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It is little short of amazing to see so many media and business commentators failing to understand the implications of the collapse in the carbon price in the so-called “trading system” in Europe (it is in fact not a trading system as normally understood but an arrangement by which financial markets can trade tonnes of fossil fuels derived from regulations prescribed by the relevant governments - and subject to change by them - restricting their countries’ emissions).

As I have tried to explain in my letter below, unless the European Union is prepared to financially support the price (which no longer appears the case), such a “system” cannot survive as a meaningful controller of world emissions unless all major emitters are under an international regulatory system that works. My earlier experience in Treasury brought home to me the long history of failures of attempts to “fix” prices of commodities by governments of countries which may have been large producers but which were not able to control a monopoly position. The lessons of Australia’s failure to control wool prices, and of its international support for price and quantity controls on some other commodities, have not been learned. Yet our present government (and Treasury today) have failed dismally to understand that lesson and have stupidly linked our pricing (and regulation) of emissions to the European system (sic).     

Of course, for a variety of reasons the would-be regulators have kept going in the hope that an international agreement can be reached. But with the widening realisation amongst scientists and others of the flaws in the so-called science consensus of dangerous global warming, developed by environmentalists and other regulators, the likelihood of any such agreement has diminished significantly. There are numerous problems in the consensus approach and I have mentioned only one, albeit an important one, in my letter - that is, the failure, except for one brief period, to explain why there is no coincidence between increases in emissions and temperatures.

A paper recently published by Cliff Ollier summarises the temperature/emissions situation very well, viz

“Warming has ceased! In a press release of April 2, 2012, it was announced that:

New UK Met Office global temperature data show that there has been no global warming in the past 15 years – a timescale that challenges current models of global warming. The graph shows the global annual average temperature since 1997. No statistically significant trend can be discerned from the data. The only statistically acceptable conclusion to be drawn from the data is that between 1997 and 2011 temperature has remained constant, with a global temperature of 14.44 +/- 0.16 deg C (2 standard deviations).

On Christmas Eve, 2012, the UK Met Office said global temperatures were likely to be lower than it previously forecast because of natural variability of the climate system(Ingham 2013).

Land based data are somewhat unreliable, but the hottest recent year was 1998. The warmest years of the twentieth century were in the 1930s. In fact the temperature varies regularly. The Earths warming from 1915 to 1940 was just about as strong as the scary 1975 to 1998 warming in both scope and durationand occurred too early to be blamed on human-emitted CO2. The cooling from 1940 to 1975 defied the Greenhouse Theory, occurring during the first big surge of man-made greenhouse emissions.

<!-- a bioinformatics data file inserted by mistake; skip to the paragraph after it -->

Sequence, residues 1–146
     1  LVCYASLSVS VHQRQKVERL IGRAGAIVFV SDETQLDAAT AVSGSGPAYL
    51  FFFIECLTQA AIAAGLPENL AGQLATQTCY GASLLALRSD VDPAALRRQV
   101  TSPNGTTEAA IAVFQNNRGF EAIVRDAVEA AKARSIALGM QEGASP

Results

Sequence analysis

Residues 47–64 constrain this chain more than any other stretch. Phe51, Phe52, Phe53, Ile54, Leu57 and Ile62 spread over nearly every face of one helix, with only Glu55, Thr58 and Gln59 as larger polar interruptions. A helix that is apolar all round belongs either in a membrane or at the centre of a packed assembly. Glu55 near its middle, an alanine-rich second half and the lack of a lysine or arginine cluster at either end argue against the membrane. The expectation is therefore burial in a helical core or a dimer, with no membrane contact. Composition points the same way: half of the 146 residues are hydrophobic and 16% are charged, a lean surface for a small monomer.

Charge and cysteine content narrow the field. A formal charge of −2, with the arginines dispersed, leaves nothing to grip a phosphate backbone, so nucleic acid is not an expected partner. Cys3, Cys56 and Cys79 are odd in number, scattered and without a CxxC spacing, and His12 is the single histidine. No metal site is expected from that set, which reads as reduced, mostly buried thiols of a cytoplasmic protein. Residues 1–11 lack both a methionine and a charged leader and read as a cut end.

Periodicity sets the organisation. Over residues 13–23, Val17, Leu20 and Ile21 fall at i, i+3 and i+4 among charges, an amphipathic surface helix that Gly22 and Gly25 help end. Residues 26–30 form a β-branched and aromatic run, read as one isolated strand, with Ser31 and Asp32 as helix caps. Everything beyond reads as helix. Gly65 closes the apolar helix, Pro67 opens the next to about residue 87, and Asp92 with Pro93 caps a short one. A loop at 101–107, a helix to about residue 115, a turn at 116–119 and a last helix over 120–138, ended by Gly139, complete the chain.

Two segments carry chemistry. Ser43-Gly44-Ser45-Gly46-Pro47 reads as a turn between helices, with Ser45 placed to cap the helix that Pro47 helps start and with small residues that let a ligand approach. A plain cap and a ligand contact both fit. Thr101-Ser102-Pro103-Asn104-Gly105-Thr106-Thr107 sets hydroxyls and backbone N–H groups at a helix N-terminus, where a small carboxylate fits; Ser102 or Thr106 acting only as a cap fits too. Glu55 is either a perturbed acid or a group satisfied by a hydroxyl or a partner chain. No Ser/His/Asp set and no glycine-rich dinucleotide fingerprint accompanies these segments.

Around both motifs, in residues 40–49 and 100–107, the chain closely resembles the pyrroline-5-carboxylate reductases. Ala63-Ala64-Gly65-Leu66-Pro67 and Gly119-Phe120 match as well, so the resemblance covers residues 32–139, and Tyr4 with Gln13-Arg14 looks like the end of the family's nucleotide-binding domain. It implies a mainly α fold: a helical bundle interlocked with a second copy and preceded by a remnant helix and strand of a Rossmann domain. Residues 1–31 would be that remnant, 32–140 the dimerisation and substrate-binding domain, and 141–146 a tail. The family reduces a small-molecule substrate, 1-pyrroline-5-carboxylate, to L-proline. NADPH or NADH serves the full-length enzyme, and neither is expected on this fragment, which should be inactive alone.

Satellite data show global temperature is essentially unchanged in 30 years. Sea ice shows no change in 30 years, though every annual retreat is heralded by alarmists as proof of AGW.

Ocean temperatures are more important than land temperatures because the ocean holds much more heat than the atmosphere. Since 2004 the Argo observation system of 3000 buoys has been measuring the sea temperature. The machines go down as far as two kilometres and surface every ten days to send out their data, which shows a cooling trend. Because we have data to great depths we know there is nowhere for the heat to be hiding. The greenhouse warming hypothesis requires a rise in temperature. The observed cooling trend shows  it is not happening, so the hypothesis should be rejected.”

Ollier is one of the increasing number of sceptical scientists. What’s more he is a Professor at the University of Western Australia – and a Professor of the School of Earth and Environmental Studies. The complete paper, which was published in Quaestiones Geographicae 32(1)*2013 and has been circulated by Ray Evans, is only six pages and is very readable even for non-scientists.  I have a copy and can send to anyone interested.

Des Moore

Price Collapse should see end of carbon tax
(Letter published in The Australian, 19 April 2013. Square bracketed sections deleted by Ed)

The collapse in the carbon price in Europe reflects a failure of policy, not simply technical faults in the trading system (“EU carbon crash to dig $10bn budget hole”, 18 April). Attempts to control an international “commodity” [(tonnes of fossil fuel emissions)] are bound to fail unless a binding international agreement is reached involving all major emitters. Stupidly, the European Union attempted to lead the way without waiting for such an agreement and Australia followed [meekly] behind.

Attempts to reach an international agreement have failed as analyses have revealed  [(except for one brief period)] there is no coincidence between increases in emissions and temperatures. This made senseless the adoption of a policy requiring slower economic growth, particularly in poorer developing countries which are now responsible for well over half of emissions.

Little wonder there is a push to end the Australian carbon tax.

Des Moore, South Yarra VIC

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